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Ode to my Fabulous Father!

 

'Tis the gift to be simple, Its a gift to be free,
'Tis the gift to come down where you ought to be,
And when we find ourselves in the place just right,
Will be in the valley of love and delight.

When true simplicity is gained,
To bow and to bend, we will not be ashamed,
To turn, turn, will be our delight,
Till by turning, turning we come round right

'Tis the gift to be simple, Its a gift to be free,
'Tis the gift to come down where you ought to be,
And when we find ourselves in the place just right,
Will be in the valley of love and delight.

When true simplicity is gained,
To bow and to bend, we will not be ashamed,
To turn, turn, will be our delight,
Till by turning, turning we come round right
Till by turning, turning we come round right

Simple Gifts- Elder Joseph Brackett 1848

 


 Happy Foodie Sunday my friends and Happy Fathers Day ……Two weeks ago on Memorial Day , my own father finally succumbed to a ripe old age of 93 and a horrific bout of pneumonia. I miss him terribly, but I do not miss the last 10 years of his life, a period of time where the complications of nursing home living began to shape his life and ours. They do not call this period of time “The long goodbye “ for nothing, for it truly is the longest goodbye that you’ll ever experience. That being said, the strangest thing has happened in my life. I have the feeling of being shot from a cannon , of relaxation that I didn’t know could exist anymore. My time is once again mine and so are my memories and as I look back over my life, I realized that it was my father as much as my mother who I need to thank for this ever passionate, totally consuming interest that I have always had in food and organic gardening! 

 My father taught me many things that I have found useful throughout my life. One of my earliest memories of my dad was a trip that we took to Seattle where every morning my mother would eat oysters but daddy and I would gorge ourselves on huge, warm , just baked oozy runny pieces of the local fresh blackberry pie. Now I don’t think anyone would find this unusual, but my mother (always the definition of appropriate!) was perturbed. It actually wasn’t the pie that she objected to, it was our choice of the dark chocolate ice cream that topped that pie. It was absolutely delicious, a combination of fruit and flower and earthy chocolate yumminess. I missed that taste for what seemed like centuries until 7 years ago when one of our wonderful local ice cream companies created a flavor called Black Raspberry Chip. Daddy and I were completely entranced. If you’ve never tried this combination, it is the essence of alchemy.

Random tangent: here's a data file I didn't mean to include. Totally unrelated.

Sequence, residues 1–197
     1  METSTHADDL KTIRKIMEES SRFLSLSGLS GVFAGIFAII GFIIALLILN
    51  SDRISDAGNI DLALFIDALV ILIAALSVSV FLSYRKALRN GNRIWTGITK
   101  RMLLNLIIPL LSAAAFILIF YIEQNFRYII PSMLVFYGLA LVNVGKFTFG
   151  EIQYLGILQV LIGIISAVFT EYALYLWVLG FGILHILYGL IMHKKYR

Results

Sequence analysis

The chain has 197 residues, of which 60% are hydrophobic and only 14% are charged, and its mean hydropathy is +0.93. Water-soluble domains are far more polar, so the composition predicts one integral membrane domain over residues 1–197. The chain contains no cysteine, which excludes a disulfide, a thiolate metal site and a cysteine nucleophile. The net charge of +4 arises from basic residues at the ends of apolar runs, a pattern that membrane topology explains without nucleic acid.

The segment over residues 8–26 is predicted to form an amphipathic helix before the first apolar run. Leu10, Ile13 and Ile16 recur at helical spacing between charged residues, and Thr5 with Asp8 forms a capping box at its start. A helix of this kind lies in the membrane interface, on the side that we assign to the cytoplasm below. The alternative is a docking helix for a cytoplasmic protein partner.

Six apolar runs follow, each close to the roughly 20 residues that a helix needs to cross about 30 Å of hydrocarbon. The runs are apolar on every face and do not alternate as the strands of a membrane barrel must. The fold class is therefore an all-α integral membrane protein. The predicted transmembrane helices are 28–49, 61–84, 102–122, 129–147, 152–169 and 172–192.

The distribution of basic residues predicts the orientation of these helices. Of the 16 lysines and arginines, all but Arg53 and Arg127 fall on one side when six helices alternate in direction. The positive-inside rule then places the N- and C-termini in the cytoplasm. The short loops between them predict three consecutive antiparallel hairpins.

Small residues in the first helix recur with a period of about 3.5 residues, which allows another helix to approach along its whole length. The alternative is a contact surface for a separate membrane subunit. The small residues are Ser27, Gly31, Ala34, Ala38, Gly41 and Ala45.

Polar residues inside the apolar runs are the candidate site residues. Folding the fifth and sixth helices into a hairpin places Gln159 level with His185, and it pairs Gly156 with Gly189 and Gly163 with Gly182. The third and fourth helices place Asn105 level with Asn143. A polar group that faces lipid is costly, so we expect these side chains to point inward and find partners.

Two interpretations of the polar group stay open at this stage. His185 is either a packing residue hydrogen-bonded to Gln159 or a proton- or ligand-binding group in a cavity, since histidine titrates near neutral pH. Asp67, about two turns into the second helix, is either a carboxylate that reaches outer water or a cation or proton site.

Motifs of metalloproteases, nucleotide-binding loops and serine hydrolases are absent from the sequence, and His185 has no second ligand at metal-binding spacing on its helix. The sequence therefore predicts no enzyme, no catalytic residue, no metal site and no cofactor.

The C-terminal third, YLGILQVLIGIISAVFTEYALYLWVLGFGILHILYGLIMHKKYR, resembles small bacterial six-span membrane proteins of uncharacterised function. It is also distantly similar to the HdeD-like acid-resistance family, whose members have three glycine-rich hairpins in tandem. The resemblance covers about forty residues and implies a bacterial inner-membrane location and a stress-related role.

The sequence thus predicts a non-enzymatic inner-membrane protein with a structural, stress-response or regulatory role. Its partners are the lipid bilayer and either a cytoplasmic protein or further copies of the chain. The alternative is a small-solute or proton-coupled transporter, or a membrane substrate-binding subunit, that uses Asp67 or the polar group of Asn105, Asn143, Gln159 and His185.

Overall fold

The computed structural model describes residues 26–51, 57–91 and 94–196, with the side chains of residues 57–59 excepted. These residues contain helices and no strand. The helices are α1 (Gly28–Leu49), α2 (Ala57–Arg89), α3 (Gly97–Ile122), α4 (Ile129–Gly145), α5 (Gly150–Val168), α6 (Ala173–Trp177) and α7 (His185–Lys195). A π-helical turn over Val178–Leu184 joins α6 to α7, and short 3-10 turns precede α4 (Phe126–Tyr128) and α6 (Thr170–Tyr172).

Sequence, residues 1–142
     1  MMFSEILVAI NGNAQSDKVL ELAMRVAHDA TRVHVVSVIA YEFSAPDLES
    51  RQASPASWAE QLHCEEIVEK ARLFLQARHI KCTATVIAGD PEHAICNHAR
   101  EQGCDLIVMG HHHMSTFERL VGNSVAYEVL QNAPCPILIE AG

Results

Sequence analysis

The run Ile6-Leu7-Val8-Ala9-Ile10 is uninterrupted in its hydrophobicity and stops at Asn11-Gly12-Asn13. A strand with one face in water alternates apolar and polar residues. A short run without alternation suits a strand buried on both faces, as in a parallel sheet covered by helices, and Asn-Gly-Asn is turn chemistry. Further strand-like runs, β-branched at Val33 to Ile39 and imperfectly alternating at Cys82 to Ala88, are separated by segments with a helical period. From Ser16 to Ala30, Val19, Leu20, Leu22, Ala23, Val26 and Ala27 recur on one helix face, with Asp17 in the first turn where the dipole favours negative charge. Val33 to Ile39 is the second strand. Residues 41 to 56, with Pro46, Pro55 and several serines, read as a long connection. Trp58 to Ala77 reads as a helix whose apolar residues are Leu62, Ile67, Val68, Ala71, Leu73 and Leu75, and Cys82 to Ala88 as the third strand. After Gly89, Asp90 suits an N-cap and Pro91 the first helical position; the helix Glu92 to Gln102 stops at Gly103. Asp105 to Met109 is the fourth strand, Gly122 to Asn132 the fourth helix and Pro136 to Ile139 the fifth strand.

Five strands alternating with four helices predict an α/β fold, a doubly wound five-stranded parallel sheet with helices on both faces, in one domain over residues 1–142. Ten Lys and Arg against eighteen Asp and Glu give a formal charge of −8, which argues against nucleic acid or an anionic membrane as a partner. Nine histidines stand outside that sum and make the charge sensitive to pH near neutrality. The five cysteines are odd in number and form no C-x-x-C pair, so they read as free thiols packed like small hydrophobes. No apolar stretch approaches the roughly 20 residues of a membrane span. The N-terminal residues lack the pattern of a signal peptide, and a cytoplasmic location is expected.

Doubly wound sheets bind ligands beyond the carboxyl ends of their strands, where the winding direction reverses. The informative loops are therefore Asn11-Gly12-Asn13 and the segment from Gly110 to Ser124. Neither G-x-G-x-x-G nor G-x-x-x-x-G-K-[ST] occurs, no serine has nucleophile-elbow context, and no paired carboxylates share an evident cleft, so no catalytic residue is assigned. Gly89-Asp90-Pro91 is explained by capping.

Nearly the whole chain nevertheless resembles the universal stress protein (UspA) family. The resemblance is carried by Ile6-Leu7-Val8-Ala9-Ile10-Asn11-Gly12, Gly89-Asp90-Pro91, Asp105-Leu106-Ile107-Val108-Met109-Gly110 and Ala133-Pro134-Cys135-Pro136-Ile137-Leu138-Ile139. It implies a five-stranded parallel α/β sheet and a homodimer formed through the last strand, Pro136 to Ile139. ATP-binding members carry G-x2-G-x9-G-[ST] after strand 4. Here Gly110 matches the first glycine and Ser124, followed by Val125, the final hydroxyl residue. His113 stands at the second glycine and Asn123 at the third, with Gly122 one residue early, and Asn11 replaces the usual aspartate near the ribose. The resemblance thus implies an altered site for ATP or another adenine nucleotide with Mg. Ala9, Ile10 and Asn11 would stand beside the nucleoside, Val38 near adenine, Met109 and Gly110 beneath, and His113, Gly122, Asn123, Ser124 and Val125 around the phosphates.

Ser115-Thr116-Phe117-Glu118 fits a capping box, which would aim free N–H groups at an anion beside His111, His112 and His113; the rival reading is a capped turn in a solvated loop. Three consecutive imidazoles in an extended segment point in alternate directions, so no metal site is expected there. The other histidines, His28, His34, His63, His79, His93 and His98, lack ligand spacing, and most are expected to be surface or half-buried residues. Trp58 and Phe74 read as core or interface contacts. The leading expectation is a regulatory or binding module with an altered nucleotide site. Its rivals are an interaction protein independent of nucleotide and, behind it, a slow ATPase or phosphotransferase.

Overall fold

My father taught me many other good things, such as how to make May Wine when the Sweet Woodruff has flowered, what healthy soil smelled like (his gardens were always gorgeous!) , that cheese wasn’t ready to eat until it smelled like the bottom of my horses hooves and that Laphroaig was the only single malt that I’d ever find worth drinking. He loved fancy restaurants and continental service. I think that was one of the things that drew him to my mother because she’d been raised in family where white gloves and polished silver were the standards, unlike his family where his father ate the same thing every day of his life (broiled lamb chops and melba toast with mint jelly) because my grandmother was an absolutely terrible cook.

My mother was an exceptional cook as were her mother and grandmother before her. My father was crazy about that grandmother to the point of really irritating his own wife. Who could blame him? I’m to understand that her floating island pudding was the stuff of gossamer dreams and her leg of lamb stuffed with garlic and rubbedwith curry and mustard is a recipe that I use to this day as well as the stuffed peppers that I make in her enormous stock pot…a pot that’s been well seasoned for over a hundred years. 
 Daddy ate sweetbreads and tripe and truffles and all kinds of things that would make the normal man run panicked towards the nearest barbecue, coincidentally a type of cooking that he gave up over 40 years ago when he read that charcoal grilling produced fumes which were carcinogenic. He did live to a ripe old age, ate red meat meat like a hound, fromage like a Frenchman, enjoyed steak and kidney pie with plenty of ale and never had one day in his life except when he was hospitalized without some form of sugar, most always something chocolate.

The day that he died I found myself with one more memory from long ago, quite a precious one. On a trip over 40 years ago through the English countryside, we left my mother reading her Gourmet in the hotel while we went off in search of my father’s afternoon sugar fix . The streets were cobblestone and my father held my hand the entire time as I skipped down the twisting lanes. We found a bakery full of warmth , sugar and chocolate. We bought two lacey burnt sugar covered cookie cones that were filled with chocolate ganache (way before it was even popular to know what that was let alone how to spell it!) and covered with sweetened dark chocolate. Hand in hand we walked slowly back, quietly munching and just enjoying the soft sounds and luscious smells of the British countryside. Just me and my dad and chocolate….. this little girls Holy Trinity.

 Godspeed daddy…if there’s great food in heaven I’m sure that you’ve found it. Kiss mom for me and by the way thanks…my gardens are gorgeous this year and my vegetables are abundant even with the lack of rain. I could swear that I see you in them everyday pruning and watering with an ice cream cone in your other hand and your dog by your side. Happy fathers day…I love you....Thank you for all the simple gifts. 
                        

This was originally printed on Fathers Day in my favorite perfume blog Perfume Smellin Things!